Author Interview: James Doughty

James DoughtyToday James Doughty is visiting A Writer’s Words, An Editor’s Eye. He has also offered to give away a copy of his book to a commenter so be sure to leave a comment to be entered in the drawing.

As mentioned in my last post, I worked with James on his nonfiction book, Some Monument to Last: Memoir of TV Journalist James Muñoz with Family Poems and Letters, which was published in December.

Lillie: Welcome to A Writer’s Words, An Editor’s Eye, James. My readers are eager to hear about your book and your self-publishing experience. First, though, tell us a little about yourself. People see you on TV reporting the news but probably don’t realize the challenges you’ve faced in your life.

James: Thank you. I have overcome many challenges, but I was always determined to reach for the American Dream. Somehow my subconscious went to work to get it done. I always wanted more despite having a lot stacked against me.

Lillie: What has motivated you and kept you going during tough times?

James: My faith in God keeps me grounded. I’m either doing things His way or my way. I’ve discovered His way is much better; in fact, it’s perfect. I also believe if I can motivate just one person to reach for their dreams, I’m doing my job.

Lillie: I know you have been working on this book for a long time. When did you first get the idea for the book? How did you get started?

James: Shortly after my interview with Walter Cronkite in 2001, which led to my meeting with my great-uncle Preston Doughty, I knew I had a story to share with the world. Several years ago, I submitted one of my grandmother’s poems to the local newspaper. I spoke with the individual running that section of the paper and told her I wanted to publish my grandmother’s poems someday. She referred me to you. I recall our first phone conversation, you were so patient and kind. I was completely at ease, and it was the first time I realized my book idea was really possible.

Lillie: Please share a little about your experience self-publishing Some Monument to Last, beginning with why you decided to self-publish.

James: I sent my story to a very popular author and offered him all rights to the story. He wrote me back and encouraged me to publish the story myself. I learned a long time ago not to depend on someone else to promote me or get my ideas done. I knew my chances of being picked up by a publisher were slim. Now that the product is out, I can only hope I’m one step closer to being noticed.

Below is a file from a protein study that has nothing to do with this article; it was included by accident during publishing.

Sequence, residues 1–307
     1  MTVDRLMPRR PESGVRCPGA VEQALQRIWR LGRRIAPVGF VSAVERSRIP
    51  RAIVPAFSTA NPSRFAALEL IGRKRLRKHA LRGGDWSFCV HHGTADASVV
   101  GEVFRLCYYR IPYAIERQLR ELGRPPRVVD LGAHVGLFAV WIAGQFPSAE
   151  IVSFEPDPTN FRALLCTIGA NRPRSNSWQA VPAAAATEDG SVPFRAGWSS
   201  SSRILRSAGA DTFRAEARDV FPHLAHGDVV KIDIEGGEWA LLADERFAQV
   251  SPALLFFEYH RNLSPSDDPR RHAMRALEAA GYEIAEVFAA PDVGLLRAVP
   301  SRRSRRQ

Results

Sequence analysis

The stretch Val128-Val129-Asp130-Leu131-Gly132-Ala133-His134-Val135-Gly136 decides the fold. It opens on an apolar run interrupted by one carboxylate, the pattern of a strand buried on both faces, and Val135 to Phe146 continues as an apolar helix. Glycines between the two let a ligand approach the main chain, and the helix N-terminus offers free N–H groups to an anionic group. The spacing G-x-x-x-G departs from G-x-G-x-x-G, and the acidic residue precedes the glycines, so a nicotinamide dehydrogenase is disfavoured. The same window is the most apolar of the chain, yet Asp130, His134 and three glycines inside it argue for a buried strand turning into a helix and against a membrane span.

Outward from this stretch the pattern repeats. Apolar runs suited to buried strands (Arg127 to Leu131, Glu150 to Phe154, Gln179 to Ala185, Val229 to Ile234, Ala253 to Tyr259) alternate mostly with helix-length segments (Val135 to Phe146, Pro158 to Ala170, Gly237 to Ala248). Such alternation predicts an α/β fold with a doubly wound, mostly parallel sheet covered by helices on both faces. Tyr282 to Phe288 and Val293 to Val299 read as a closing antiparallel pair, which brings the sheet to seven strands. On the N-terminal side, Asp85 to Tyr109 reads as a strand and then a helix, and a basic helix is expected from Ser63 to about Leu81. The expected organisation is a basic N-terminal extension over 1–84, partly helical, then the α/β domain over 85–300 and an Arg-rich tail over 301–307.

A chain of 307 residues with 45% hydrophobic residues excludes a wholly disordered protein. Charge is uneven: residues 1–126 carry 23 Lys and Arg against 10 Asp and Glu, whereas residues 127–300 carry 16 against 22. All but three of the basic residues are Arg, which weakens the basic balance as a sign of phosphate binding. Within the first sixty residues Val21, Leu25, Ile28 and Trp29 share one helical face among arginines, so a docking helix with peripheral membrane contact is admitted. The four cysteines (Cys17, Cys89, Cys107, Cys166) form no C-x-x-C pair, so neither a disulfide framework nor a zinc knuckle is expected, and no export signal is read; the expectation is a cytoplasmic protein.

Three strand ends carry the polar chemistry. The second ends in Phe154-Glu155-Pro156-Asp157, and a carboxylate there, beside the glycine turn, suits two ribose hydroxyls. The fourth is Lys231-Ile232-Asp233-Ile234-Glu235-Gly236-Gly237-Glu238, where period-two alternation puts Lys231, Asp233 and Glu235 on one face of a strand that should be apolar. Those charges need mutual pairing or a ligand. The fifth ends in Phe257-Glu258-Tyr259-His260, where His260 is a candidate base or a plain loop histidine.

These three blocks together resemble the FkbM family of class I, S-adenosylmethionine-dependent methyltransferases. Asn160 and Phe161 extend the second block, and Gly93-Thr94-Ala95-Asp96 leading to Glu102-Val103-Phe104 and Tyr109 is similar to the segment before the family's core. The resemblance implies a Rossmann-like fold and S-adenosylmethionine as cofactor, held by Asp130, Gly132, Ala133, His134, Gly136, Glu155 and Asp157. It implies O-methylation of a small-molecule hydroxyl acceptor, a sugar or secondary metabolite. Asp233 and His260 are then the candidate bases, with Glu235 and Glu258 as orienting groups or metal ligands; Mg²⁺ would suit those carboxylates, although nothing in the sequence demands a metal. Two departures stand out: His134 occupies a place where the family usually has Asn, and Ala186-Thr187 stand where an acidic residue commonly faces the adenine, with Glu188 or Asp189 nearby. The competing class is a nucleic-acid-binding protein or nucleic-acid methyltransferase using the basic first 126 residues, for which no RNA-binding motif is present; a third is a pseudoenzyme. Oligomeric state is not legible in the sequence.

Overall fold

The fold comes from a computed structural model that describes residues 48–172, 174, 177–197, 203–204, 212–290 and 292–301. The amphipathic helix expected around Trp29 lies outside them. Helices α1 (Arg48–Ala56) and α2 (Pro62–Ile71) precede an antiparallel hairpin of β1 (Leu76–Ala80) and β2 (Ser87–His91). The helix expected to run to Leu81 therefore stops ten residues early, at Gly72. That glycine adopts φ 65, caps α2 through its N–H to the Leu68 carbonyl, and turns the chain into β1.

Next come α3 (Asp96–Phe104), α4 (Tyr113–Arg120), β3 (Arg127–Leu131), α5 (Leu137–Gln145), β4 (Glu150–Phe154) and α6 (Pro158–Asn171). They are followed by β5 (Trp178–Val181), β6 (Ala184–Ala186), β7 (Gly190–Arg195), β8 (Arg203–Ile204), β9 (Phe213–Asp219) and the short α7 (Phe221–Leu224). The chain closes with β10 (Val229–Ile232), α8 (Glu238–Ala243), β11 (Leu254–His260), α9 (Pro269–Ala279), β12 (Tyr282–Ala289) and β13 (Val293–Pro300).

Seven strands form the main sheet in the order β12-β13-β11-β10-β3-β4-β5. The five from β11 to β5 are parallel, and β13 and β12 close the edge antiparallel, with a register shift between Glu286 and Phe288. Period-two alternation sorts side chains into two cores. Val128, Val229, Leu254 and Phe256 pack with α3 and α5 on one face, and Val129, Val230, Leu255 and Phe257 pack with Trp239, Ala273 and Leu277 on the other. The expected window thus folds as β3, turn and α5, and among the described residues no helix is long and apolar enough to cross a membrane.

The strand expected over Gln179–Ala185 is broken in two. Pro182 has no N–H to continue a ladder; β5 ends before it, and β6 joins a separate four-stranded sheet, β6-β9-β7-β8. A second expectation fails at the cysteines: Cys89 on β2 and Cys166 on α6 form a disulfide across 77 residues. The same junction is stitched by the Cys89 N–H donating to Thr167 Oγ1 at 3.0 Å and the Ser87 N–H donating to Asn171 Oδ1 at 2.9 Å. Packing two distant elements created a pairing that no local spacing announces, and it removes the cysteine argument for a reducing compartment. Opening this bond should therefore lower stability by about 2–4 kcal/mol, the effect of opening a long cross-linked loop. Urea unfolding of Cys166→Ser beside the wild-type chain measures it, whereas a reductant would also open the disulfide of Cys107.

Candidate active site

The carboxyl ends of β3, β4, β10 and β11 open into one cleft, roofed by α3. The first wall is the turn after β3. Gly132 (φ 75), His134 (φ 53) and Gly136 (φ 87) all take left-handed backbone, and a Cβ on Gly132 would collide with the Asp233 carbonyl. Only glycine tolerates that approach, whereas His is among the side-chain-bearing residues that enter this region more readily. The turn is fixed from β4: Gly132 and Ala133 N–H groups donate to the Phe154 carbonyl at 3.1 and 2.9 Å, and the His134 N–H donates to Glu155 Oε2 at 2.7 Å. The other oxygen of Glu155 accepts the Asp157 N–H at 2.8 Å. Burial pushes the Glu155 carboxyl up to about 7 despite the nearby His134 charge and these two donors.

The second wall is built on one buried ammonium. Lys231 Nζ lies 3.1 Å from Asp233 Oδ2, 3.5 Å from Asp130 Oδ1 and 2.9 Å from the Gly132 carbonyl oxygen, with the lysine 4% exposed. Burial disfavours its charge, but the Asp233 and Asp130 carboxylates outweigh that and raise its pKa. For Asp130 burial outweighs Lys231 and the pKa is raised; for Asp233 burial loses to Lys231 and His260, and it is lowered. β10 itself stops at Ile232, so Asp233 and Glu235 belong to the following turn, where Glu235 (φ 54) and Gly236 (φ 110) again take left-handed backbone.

Lillie: What was the best part of writing and publishing Some Monument to Last? Is there anything you would do differently?

James: I feel like I’ve really accomplished something, like I’ve truly left Some Monument to Last. As far as doing anything differently, I would have added the newspaper article describing my father’s death and made more room to accommodate larger-sized photos with names, birth dates ,and death dates. I would have deleted a few photos that didn’t show up quite as clear as I wanted them. There’s one quote I wrote that I no longer believe, but at the time that’s where I was.

Lillie: What advice would you give writers who are considering self-publishing?

James: If you have a story worth telling and you really want a book, go for it. Some people find it quite daring that I would write such a book, but if I’ve touched one person, it was all worth it. Finally, never sell books before they’re printed. You never know what can happen, leaving you unable to deliver.

Lillie: Where can readers learn more about you? Where can they find your book?

James: They can do both at my Web site: Doughty Enterprises. Right now, that is the only place my book is available, but I’m trying to get it into Barnes & Noble and

Lillie: Please share anything else you’d like people to know about you and your book.

James: I like how Some Monument to Last is sectioned out. I managed to sneak some poetry in, which is hard to sell. People have told me they love the pictures and history. It’s no mistake the book has 149 pages. In my opinion shorter is better; 150 pages might have been too long. In 2009, many people want a short quick story packed with real life drama, hope, and courage. Besides, as a TV Reporter I am best at literature in a hurry.

Some Monument to LastThank you, James, for sharing your experiences. I’m sure your story will inspire other writers and other people who are striving to reach goals or overcome obstacles.

Readers, what questions do you have? James will be checking back throughout the day to answer questions and respond to comments. He will also give away a copy of Some Monument to Lastto a lucky commenter. The winner will be drawn from all the commenters.

Winner (added 2/1/09): We have a winner of James’ book: Steve. I have e-mailed him and asked him to contact James with his mailing address.

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